A Canadian judge on Wednesday adjourned Chinese Huawei executive Meng Wanzhou's extradition hearing until August, giving her team time to review newly obtained documents from investment bank HSBC they say are key to her defense.
The delay requested by Meng upends the scheduled resumption on Monday of the British Columbia Supreme Court proceedings, which were to last three weeks and be the final leg of her two-and-a-half-year legal fight to forestall being sent to the United States to face charges of bank fraud.
"This application has been granted," Associate Chief Justice Heather Holmes told the court. "The remainder of the proceedings... will be rescheduled to begin on or around August 3, 2021."
She added that her reasons for the ruling would be released in writing next week.
Meng, the daughter of the company's founder and CEO Ren Zhengfei, is accused by US prosecutors of misrepresenting to HSBC links between Huawei and a company that sold telecoms equipment to Iran in violation of US sanctions.
She has denied hiding Huawei's relationship with Skycom, a former subsidiary, from HSBC.
Earlier this month Huawei said it had reached an agreement with HSBC in Hong Kong to secure the documents. The company had previously failed to get the documents from a court in the UK, where HSBC is headquartered.
According to the original Huawei summons, seen by AFP, Meng was seeking HSBC bank documents on compliance, sanctions and risk evaluation, as well as records linked to a PowerPoint presentation she made to HSBC executives at a Hong Kong tea house in a bid to secure loans.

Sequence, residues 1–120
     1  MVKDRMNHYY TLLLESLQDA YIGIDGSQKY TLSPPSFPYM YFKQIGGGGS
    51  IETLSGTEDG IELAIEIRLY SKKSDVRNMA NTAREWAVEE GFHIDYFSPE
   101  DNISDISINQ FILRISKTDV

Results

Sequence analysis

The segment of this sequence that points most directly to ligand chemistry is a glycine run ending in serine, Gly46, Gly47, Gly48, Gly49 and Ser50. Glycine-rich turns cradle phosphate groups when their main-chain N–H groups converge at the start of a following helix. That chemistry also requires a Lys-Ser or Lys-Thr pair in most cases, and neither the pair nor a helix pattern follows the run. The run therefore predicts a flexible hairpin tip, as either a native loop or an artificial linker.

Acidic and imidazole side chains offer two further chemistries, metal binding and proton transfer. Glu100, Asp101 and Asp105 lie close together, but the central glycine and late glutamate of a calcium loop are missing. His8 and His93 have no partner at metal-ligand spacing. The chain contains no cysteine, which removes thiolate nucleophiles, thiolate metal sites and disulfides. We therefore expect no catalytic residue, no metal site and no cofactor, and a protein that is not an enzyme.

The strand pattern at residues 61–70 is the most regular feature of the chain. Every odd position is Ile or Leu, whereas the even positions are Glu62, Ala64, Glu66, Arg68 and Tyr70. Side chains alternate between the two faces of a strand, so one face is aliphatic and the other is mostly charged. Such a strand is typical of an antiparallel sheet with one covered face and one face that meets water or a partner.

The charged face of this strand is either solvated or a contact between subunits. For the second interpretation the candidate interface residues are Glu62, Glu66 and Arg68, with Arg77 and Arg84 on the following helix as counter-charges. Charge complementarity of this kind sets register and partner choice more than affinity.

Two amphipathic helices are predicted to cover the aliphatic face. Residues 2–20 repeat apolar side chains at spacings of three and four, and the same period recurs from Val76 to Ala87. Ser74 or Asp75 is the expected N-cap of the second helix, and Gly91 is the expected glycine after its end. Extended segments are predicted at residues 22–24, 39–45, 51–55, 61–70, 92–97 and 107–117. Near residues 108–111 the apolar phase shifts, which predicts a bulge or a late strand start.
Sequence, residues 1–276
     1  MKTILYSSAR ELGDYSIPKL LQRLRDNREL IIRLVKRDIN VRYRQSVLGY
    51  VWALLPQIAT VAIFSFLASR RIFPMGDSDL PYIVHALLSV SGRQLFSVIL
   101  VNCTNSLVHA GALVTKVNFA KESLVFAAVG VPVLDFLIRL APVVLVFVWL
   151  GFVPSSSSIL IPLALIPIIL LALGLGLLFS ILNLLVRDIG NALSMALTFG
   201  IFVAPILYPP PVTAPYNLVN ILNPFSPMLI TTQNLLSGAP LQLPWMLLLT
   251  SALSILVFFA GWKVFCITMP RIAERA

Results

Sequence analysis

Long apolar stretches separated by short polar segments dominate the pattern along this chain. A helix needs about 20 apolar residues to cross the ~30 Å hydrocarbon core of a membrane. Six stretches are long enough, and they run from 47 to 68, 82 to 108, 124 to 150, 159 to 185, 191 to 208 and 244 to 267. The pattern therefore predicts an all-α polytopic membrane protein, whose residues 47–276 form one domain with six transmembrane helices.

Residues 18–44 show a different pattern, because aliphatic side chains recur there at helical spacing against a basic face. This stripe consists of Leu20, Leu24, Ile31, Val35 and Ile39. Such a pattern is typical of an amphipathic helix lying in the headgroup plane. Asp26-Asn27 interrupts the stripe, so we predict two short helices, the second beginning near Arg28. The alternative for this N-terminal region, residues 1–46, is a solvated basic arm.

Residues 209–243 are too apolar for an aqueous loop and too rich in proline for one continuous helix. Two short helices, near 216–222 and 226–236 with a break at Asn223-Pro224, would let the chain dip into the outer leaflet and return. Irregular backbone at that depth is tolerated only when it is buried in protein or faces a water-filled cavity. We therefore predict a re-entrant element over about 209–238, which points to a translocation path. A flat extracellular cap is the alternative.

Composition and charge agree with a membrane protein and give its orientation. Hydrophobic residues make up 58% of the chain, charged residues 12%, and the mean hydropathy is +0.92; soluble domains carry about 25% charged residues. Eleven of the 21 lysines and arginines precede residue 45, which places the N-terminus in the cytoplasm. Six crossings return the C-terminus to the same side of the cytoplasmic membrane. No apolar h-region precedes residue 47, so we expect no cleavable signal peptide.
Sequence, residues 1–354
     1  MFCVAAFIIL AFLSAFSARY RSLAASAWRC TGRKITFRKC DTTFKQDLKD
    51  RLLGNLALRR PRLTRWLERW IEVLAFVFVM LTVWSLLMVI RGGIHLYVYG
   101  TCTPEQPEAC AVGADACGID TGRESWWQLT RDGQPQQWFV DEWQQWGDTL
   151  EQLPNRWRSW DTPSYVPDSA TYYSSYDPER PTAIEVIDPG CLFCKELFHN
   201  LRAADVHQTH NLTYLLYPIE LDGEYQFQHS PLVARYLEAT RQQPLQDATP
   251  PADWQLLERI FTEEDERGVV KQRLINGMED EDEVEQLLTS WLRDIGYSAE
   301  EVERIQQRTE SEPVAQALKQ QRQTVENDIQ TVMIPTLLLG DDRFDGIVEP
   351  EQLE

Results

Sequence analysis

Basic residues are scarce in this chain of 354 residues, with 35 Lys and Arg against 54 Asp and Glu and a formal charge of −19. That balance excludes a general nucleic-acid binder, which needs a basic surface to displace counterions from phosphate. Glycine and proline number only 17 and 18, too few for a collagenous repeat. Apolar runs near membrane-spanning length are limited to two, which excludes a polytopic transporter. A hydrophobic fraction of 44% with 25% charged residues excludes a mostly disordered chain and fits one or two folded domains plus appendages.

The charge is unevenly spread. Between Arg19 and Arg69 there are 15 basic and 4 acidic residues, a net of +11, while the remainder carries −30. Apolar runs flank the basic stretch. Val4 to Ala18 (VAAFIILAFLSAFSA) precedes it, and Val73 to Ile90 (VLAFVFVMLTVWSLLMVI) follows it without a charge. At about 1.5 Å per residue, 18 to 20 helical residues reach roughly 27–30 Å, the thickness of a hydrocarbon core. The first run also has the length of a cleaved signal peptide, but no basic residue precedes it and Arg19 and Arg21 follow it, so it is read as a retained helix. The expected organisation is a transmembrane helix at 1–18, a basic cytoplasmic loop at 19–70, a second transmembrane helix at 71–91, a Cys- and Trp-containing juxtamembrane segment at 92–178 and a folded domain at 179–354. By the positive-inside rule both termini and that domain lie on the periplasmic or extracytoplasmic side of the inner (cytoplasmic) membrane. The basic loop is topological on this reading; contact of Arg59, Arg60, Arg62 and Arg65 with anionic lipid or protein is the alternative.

- 'Unreasonable request' -
Wednesday's British Columbia Supreme Court decision is a small but key victory for Meng.
The delay, however, will come as little relief to the families of two Canadians jailed in China for what Prime Minister Justin Trudeau has said are "trumped-up" espionage charges.
The pair, former diplomat Michael Kovrig and businessman Michael Spavor, were detained nine days after Meng's December 2018 arrest during a Vancouver stopover, in apparent retaliation.
Their detention and Meng's extradition battle has plunged Canada-China relations into a deep freeze.
On Monday, Meng's lawyers petitioned the court for an adjournment to provide Meng the opportunity to review the HSBC documents for possible "relevant evidence" in her extradition case.
Lawyers for the Canadian government, acting on behalf of the United States, opposed the request, saying it was an effort to inappropriately stretch out the case, and that her arguments belong only before a US trial judge.
"They are requesting this court be turned into a trial court," government lawyer Robert Frater shot back. "This is an unreasonable request because it is not based on anything but unsubstantiated, redacted allegations."
Meng remains under night-time house arrest in her Vancouver mansion, supervised by guards at all times, and required to wear a wireless tracking device.
The case was supposed to have wrapped up May 14, barring any appeals, but the adjournment means it will not finish until at least the end of August.
"Any additional applications arising from the documents Ms. Meng will be receiving from HSBC will need to have been made and determined before (August)," Holmes also ruled.